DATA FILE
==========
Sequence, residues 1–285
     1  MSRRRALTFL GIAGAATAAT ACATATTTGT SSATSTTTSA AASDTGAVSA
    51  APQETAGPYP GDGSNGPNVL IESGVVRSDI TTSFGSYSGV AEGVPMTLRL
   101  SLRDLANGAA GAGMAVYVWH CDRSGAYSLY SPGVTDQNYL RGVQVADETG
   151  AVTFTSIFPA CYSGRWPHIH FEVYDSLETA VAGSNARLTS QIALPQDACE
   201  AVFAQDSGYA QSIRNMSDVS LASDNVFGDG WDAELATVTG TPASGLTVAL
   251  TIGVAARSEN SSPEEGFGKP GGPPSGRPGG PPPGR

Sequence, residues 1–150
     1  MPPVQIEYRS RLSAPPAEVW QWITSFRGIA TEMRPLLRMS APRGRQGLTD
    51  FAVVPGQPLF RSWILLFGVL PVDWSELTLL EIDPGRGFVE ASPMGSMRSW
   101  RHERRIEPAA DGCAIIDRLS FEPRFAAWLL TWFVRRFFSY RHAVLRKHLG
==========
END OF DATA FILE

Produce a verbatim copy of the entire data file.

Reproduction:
Sequence, residues 1–285
     1  MSRRRALTFL GIAGAATAAT ACATATTTGT SSATSTTTSA AASDTGAVSA
    51  APQETAGPYP GDGSNGPNVL IESGVVRSDI TTSFGSYSGV AEGVPMTLRL
   101  SLRDLANGAA GAGMAVYVWH CDRSGAYSLY SPGVTDQNYL RGVQVADETG
   151  AVTFTSIFPA CYSGRWPHIH FEVYDSLETA VAGSNARLTS QIALPQDACE
   201  AVFAQDSGYA QSIRNMSDVS LASDNVFGDG WDAELATVTG TPASGLTVAL
   251  TIGVAARSEN SSPEEGFGKP GGPPSGRPGG PPPGR

Sequence, residues 1–150
     1  MPPVQIEYRS RLSAPPAEVW QWITSFRGIA TEMRPLLRMS APRGRQGLTD
    51  FAVVPGQPLF RSWILLFGVL PVDWSELTLL EIDPGRGFVE ASPMGSMRSW
   101  RHERRIEPAA DGCAIIDRLS FEPRFAAWLL TWFVRRFFSY RHAVLRKHLG